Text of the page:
DIY: Nontoxic Laundry Detergent

When my little one was only a couple months old we were told he had eczema, and after hours of research, I was not happy with what I found out. Our pediatrician recommended to switch to everything that says “scent free” but my research led me to find out even those “gentle” “for baby” “pediatrician approved” “free and clear” labels mean nothing. How do you think I felt to discover that the “#1 choice of pediatricians” (AKA Dreft, there I said it) had chemicals like Propylene Glycol; which is an immune system toxin, neurotoxin, reproductive toxin, respiratory toxin, and skin toxin, did you know it is anti-freeze? Or how about this other chemical; sodium hydroxide otherwise known as caustic soda, used to unclog pipes! It is highly corrosive, and I was washing my baby’s clothes with that.
But it wasn’t just the baby detergent, our detergent too. That “mountain fresh” smell is a synthetic
fragrance, these contain phthlates which have been linked to birth defects among other things. My trusted fabric softener was far from snugly, it contains chemicals linked to pancreatic cancer. I felt like a mama bear, no one messes with the health of my cub!
And so I set out to green our laundry room. I looked up many different recipes and after trying a few I found one that works for us. Not only have I gotten rid of all those hazardous chemicals, we are saving some green and in the process we are not sending these chemicals down the drain which in turn makes our oceans less toxic four of sea creatures.
Homemade Laundry Detergent
 What you need:
      – 2 cups Washing Soda (find it here)
      – 2 cups Borax (find it here)
      – 1 bar of Dr. Bronner’s Castille soap, grated (I used this one)
      Once grated the bar of soap gives you
      approximately 2 cups. You can either buy
      it in the scent of your choice or scentless. I
      prefer the peppermint one, it’s such an
      energizing scent, and it makes the laundry
      smell just so wonderful!
 Grate soap and set aside. Measure the Washing Soda and Borax and mix well with the grated soap. Use about two tablespoons for a full load. More if you have water. Since we have very hard water in Columbus, OH I use about three tablespoons for a full and heavy load.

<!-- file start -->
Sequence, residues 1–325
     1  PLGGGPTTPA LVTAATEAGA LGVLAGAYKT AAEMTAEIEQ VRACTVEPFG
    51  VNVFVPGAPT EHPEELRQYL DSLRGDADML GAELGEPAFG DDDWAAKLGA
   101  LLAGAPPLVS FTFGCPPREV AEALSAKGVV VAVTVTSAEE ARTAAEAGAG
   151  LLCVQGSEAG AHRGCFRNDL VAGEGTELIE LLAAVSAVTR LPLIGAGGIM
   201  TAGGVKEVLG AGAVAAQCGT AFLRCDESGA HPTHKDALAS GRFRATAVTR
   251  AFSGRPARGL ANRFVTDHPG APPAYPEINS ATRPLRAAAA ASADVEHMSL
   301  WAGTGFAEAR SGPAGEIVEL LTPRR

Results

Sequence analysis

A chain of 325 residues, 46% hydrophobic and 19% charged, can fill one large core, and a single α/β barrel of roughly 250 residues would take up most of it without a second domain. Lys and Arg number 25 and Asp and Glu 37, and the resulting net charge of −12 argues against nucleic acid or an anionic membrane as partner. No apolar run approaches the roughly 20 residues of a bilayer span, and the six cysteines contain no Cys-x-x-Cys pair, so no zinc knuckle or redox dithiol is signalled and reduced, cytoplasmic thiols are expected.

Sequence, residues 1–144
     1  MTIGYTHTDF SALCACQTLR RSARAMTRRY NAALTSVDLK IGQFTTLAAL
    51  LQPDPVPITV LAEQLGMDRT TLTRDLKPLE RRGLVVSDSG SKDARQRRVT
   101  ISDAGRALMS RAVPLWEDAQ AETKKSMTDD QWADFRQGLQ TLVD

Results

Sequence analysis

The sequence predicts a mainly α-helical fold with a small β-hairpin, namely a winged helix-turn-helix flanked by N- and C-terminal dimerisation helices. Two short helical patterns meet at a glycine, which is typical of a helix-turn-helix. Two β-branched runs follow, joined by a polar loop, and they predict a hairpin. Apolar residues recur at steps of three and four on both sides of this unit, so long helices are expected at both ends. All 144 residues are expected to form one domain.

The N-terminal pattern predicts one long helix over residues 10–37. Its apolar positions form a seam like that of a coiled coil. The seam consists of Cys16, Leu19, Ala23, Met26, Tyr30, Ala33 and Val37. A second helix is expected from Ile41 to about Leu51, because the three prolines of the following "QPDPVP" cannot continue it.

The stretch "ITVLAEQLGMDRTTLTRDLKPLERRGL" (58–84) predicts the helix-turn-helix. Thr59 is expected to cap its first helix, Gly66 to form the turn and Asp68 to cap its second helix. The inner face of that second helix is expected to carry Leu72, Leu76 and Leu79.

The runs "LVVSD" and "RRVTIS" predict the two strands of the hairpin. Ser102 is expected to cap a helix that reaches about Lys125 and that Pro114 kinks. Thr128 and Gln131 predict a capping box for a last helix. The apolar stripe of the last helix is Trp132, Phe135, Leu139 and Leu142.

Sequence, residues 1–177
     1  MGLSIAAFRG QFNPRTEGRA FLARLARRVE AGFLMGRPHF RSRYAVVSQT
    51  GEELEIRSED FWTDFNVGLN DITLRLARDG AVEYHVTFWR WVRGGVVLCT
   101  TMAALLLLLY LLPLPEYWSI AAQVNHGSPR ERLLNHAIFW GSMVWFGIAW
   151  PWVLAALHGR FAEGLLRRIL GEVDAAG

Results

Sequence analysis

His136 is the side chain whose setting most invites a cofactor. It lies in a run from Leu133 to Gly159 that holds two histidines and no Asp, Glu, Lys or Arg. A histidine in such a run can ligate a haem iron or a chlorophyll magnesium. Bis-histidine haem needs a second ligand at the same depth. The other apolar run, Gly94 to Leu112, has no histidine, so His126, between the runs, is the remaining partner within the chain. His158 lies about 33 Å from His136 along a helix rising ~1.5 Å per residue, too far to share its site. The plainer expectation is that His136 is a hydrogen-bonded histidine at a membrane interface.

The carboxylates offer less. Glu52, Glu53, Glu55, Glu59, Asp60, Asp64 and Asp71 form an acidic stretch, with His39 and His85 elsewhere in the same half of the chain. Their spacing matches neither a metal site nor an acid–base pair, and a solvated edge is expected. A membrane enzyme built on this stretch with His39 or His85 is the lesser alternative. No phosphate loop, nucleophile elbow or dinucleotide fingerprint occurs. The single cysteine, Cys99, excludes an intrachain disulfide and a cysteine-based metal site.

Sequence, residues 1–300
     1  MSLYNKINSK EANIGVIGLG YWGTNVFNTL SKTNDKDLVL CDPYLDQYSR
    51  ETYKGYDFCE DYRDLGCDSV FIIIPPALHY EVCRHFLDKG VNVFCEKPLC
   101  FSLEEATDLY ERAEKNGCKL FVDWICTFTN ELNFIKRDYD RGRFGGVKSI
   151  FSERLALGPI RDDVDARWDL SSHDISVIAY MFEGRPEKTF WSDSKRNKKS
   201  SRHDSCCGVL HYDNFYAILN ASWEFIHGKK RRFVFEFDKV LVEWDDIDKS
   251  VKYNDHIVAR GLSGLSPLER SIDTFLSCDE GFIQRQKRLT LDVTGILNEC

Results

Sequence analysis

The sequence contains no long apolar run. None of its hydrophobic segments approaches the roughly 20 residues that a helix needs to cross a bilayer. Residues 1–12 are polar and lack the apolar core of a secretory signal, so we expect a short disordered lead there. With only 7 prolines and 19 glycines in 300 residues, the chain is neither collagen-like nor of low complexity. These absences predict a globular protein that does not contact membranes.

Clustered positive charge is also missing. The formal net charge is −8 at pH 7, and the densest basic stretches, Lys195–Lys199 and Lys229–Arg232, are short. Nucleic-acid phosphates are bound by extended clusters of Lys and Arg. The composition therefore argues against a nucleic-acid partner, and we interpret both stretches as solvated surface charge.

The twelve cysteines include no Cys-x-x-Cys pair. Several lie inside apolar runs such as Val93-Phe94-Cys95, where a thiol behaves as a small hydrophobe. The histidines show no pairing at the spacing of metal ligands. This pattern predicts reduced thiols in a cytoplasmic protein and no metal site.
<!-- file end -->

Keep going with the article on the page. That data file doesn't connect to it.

And there you have it. Easy and simple, three ingredient. I have seen other homemade versions but the recipe called for certain household items that I don’t trust or have chemicals that you are trying to avoid, defeating the purpose of a nontoxic laundry detergent.
As far as a fabric softener, just skip it. You can use one cup of white distilled vinegar per full load. I recommend against it if you have hard water, I add a capful of Calgon, a water softener, and don’t use anything as a fabric softener, I’ve noticed I don’t even need it. For the dryer, I beg of you please stop using dryer sheets, they are so harmful. Instead, you can use wool dryer balls. You can buy them from lots of different websites, or, you guessed it–you can make your own! I’m currently working with a couple different methods to make them so once I have it down perfectly I will post the tutorial!



 Looking for more green cleaners?

DIY Non-Toxic Cleaning Recipes

This is the perfect book just for that, in fact it is my favorite book. Packed full of nontoxic, easy to make, green cleaner recipes. Heather Dessinger has taken out the hassle out of trying lots of recipes, sometimes with no success. Every recipe works, and works well. From citrus all-purpose spray to mold and mildew remover, this book has every recipe you’ll need. Learn more HERE.

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About Stephanie